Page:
Church of St. Sigismund was built in the second quarter of the 15th century, on the site of an earlier, wooden church. The founder of the late-Gothic building was the voivode of Sandomierz, Dobiesław Oleśnicki, and his wife, Katarzyna. Construction works were probably completed in 1432, as this date was engraved on the erection plaque. The building was consecrated by the cardinal and bishop of Kraków, Zbigniew Oleśnicki, in 1442.
In the second half of the 16th century, the church was temporarily converted into a Calvinist church. At the time when it was owned by Protestants, a tower annex was erected next to the sacristy. In the next century, during the Polish-Swedish war, the building suffered serious damage. In the eighteenth century, thanks to the efforts of the parish priest Szembek, the church was renovated and returned to the Catholics.
In 1915, during the heavy fights of the World War I, the church was seriously damaged, including the collapse of the vault in the nave and partly in the chanel. The reconstruction of the monument was carried out around 1930 under the supervision of architect Oskar Sosnowski.
The church was built of bricks and stones used for architectural details. It was erected from a four-bay nave on the plan of an elongated rectangle and a narrower and slightly lower chancel, pentagonal ended in the east. A sacristy with a treasury on the first floor was attached to the chancel from the north. The nave and the chancel were covered with separate gable roofs, with multi slopes above the presbytery closure.
From the outside, the church of St. Sigismund was enclosed with stepped buttresses, in the corners placed at an angle, except for the buttress of the south-eastern nave. The façades at the base of the windows and in the plinth part were decorated with toothed friezes. In addition, the chancel was covered with a plaster band under the eaves of the roof. The interior of the church was illuminated by ogival windows, splayed outside and inside, with relatively narrow openings. The roof of the nave from the west was based on a triangular gable, filled with ogival blendes with a pyramidal arrangement.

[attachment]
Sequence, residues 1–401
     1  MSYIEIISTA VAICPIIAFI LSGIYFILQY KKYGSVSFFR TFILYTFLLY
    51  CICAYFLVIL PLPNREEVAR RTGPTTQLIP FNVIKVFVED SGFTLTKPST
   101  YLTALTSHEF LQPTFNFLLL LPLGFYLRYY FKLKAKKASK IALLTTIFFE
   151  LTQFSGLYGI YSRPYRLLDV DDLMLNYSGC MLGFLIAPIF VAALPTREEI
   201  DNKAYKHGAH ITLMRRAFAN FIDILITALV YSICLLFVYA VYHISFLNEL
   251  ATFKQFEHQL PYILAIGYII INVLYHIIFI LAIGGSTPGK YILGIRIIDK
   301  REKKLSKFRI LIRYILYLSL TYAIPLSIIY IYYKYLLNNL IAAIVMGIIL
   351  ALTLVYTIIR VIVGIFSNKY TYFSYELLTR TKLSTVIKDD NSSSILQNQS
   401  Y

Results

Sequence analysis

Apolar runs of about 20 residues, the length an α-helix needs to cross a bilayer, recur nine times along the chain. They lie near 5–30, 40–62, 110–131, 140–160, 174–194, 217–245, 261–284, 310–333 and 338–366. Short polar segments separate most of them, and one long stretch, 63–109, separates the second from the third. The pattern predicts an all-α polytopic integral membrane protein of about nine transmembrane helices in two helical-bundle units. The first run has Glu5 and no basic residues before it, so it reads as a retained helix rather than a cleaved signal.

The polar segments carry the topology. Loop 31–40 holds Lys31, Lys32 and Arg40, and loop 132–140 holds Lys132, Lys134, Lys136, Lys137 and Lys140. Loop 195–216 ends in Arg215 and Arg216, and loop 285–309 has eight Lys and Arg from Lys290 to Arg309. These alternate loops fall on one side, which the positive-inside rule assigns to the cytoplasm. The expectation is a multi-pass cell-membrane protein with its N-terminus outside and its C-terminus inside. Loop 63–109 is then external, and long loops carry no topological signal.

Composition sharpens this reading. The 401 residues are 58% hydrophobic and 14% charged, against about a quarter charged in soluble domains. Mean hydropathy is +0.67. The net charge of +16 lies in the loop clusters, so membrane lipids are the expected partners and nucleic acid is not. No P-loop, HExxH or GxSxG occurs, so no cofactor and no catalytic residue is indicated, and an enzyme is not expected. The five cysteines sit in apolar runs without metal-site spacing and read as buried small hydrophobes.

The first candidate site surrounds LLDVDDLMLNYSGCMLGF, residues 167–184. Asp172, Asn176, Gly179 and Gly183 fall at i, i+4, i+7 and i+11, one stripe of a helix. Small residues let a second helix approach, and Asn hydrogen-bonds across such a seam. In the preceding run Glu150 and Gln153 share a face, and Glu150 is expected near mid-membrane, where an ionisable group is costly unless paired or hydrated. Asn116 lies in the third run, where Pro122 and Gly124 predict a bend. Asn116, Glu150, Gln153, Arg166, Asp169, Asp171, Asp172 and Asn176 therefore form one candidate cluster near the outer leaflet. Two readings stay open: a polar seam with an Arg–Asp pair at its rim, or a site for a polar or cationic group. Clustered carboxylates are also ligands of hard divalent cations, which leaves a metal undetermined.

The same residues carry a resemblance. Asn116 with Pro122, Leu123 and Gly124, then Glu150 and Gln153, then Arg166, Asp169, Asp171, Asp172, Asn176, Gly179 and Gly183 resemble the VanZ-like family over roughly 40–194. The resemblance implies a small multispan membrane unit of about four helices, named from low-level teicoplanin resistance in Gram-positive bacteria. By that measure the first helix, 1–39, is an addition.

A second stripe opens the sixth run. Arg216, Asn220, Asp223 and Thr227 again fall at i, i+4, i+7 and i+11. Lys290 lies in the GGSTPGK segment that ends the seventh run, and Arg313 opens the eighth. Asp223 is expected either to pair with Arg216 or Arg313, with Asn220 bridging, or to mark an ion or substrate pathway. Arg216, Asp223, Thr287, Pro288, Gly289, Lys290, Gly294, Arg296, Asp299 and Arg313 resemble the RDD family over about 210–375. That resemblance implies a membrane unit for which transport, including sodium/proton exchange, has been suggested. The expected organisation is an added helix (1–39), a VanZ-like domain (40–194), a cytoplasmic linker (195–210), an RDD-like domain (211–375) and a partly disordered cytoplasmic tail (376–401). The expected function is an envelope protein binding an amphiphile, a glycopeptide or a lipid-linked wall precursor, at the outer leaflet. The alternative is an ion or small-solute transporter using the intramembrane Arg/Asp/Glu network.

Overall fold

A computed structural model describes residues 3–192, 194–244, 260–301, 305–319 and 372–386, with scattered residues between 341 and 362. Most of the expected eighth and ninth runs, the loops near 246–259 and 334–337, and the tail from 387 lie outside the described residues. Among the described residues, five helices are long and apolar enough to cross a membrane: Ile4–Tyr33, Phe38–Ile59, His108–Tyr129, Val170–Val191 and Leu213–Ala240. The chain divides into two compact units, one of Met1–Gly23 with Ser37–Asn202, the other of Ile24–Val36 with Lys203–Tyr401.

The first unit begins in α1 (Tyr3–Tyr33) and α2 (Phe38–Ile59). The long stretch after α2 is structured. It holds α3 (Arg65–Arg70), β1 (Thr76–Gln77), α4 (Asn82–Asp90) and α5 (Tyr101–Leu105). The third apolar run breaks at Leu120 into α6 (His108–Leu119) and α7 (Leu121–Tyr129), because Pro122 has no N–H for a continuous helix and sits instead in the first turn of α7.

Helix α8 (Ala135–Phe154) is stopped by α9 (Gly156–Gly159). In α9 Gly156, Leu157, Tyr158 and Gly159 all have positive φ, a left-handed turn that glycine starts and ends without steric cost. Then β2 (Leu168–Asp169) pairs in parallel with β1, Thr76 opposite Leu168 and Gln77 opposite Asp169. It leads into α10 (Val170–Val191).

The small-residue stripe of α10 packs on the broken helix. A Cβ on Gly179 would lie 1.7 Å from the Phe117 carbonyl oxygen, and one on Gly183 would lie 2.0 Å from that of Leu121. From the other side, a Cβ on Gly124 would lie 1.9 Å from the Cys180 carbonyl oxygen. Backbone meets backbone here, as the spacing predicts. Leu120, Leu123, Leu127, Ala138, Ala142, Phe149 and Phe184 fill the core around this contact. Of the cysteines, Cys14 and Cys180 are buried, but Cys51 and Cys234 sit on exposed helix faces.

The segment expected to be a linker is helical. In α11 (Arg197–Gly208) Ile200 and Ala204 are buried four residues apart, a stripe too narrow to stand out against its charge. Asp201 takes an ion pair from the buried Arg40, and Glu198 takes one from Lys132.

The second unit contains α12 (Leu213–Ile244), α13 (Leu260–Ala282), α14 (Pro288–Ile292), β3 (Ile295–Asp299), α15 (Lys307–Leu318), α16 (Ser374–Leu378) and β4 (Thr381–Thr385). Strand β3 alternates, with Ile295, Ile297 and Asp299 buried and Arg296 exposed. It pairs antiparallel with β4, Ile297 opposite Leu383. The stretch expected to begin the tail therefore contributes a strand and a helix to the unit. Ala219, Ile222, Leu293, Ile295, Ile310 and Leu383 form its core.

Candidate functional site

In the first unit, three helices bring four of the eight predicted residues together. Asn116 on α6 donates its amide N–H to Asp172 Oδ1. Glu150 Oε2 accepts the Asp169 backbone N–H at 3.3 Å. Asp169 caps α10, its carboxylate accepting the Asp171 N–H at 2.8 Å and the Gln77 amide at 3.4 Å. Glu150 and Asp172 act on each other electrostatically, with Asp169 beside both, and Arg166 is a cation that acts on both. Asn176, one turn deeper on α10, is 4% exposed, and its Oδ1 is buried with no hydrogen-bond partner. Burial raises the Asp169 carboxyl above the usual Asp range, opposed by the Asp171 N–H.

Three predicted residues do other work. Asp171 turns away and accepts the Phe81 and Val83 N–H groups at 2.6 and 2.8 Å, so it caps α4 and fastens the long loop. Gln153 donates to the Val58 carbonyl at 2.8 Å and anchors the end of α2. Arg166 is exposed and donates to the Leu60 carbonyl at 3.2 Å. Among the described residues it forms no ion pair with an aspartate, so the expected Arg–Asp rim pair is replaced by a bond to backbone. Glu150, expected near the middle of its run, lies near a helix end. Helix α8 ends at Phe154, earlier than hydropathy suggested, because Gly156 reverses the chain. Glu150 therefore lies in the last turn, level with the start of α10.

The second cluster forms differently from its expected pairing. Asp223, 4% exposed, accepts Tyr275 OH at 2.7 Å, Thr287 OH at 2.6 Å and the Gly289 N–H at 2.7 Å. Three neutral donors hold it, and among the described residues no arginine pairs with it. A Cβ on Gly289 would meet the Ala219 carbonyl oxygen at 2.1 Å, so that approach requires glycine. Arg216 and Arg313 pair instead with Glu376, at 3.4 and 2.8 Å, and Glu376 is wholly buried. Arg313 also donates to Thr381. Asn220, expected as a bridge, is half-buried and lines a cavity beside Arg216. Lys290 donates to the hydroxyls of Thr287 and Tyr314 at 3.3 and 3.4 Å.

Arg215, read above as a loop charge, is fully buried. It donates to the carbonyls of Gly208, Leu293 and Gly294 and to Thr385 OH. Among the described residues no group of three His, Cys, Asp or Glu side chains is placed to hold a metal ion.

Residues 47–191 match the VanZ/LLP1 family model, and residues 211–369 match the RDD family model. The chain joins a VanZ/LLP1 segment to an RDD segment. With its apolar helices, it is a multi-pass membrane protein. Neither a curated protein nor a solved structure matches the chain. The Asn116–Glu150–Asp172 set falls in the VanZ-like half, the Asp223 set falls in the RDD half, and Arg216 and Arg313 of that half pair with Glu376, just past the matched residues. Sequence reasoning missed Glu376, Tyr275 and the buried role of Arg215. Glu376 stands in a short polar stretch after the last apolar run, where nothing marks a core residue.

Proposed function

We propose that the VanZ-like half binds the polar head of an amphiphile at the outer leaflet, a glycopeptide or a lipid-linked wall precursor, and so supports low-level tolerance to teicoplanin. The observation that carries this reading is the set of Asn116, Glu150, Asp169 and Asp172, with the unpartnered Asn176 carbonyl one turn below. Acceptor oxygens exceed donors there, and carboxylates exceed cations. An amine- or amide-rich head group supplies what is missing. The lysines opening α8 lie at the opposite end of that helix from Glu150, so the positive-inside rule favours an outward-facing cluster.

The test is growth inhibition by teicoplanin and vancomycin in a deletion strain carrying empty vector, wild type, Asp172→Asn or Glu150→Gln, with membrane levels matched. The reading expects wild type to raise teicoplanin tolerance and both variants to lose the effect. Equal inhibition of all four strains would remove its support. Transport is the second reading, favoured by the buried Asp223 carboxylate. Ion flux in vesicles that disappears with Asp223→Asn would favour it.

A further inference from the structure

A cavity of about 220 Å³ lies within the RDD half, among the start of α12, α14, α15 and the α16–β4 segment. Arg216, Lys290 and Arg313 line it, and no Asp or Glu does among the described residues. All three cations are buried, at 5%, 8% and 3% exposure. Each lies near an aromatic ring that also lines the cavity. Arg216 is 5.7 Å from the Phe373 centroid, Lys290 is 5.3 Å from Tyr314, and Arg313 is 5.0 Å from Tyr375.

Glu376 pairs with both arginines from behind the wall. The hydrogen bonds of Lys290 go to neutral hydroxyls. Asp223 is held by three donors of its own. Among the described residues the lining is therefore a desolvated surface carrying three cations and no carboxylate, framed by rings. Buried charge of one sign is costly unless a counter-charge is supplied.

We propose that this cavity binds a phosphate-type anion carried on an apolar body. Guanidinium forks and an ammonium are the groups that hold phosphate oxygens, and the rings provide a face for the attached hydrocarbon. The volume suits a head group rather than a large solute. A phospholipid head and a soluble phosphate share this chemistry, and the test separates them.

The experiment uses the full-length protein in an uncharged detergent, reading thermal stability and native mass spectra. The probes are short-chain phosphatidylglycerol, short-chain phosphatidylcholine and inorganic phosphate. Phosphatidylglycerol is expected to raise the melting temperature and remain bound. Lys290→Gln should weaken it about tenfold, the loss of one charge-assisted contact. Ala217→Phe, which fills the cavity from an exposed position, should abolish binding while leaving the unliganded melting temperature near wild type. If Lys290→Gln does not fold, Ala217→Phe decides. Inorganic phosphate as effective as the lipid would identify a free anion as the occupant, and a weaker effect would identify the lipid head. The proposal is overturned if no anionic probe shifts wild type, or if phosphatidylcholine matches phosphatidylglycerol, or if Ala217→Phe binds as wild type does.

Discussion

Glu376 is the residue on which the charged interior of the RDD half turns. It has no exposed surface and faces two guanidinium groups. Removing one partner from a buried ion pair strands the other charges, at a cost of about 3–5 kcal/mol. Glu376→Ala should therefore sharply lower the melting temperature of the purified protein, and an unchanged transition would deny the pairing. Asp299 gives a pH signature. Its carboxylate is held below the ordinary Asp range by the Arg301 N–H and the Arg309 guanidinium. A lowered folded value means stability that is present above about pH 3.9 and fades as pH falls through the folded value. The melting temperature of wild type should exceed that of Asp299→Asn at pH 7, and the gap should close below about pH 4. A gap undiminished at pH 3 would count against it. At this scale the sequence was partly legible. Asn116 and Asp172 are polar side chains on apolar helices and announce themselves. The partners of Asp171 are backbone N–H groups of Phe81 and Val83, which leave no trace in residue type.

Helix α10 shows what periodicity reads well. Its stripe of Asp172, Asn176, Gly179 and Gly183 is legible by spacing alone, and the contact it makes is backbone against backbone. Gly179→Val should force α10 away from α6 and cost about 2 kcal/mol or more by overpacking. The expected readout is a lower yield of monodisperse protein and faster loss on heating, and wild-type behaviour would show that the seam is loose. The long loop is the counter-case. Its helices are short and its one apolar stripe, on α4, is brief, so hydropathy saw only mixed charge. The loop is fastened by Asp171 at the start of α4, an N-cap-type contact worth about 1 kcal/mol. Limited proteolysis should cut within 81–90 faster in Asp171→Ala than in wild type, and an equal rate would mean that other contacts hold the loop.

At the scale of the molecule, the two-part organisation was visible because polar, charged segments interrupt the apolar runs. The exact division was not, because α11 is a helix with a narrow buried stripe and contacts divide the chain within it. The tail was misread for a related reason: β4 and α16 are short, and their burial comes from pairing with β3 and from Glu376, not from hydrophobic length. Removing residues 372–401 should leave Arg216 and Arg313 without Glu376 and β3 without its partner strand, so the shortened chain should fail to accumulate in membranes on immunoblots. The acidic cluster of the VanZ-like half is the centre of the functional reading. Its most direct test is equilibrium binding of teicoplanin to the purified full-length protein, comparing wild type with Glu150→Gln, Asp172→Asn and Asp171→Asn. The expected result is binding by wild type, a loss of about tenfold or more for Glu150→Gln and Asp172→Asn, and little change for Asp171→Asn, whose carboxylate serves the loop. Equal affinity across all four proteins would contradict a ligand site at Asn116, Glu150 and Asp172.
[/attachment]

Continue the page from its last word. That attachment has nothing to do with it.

The main entrance to the church led from the west, through a portal set on an axis, closed with a bar embedded in a hole in the wall. Inside, the chancel was covered with a cross-rib vault (hexagonal in the eastern bay), based on polygonal corbels. A passage was made of it to the sacristy with a barrel vault, embedded in a pointed portal. To the nave chancel connected by a pointed arcade.
Despite heavy damages from the First World War, the church has preserved its late-Gothic form and spatial arrangement to the present day. The vault in the nave has not survived, and in the chancel it had to be partially reconstructed. From the south and north, early modern and modern annexes are added to the nave, from the north-east a tower from the second half of the 16th century. In the chancel there is a bas-relief erection plaque with figural representations and a minuscule inscription.
Architektura gotycka w Polsce, red. M.Arszyński, T.Mroczko, Warszawa 1995.
Katalog zabytków sztuki w Polsce, t. III, województwo kieleckie, zeszyt 2, powiat iłżecki, red. J.Łoziński, B.Wolff, Warszawa 1957.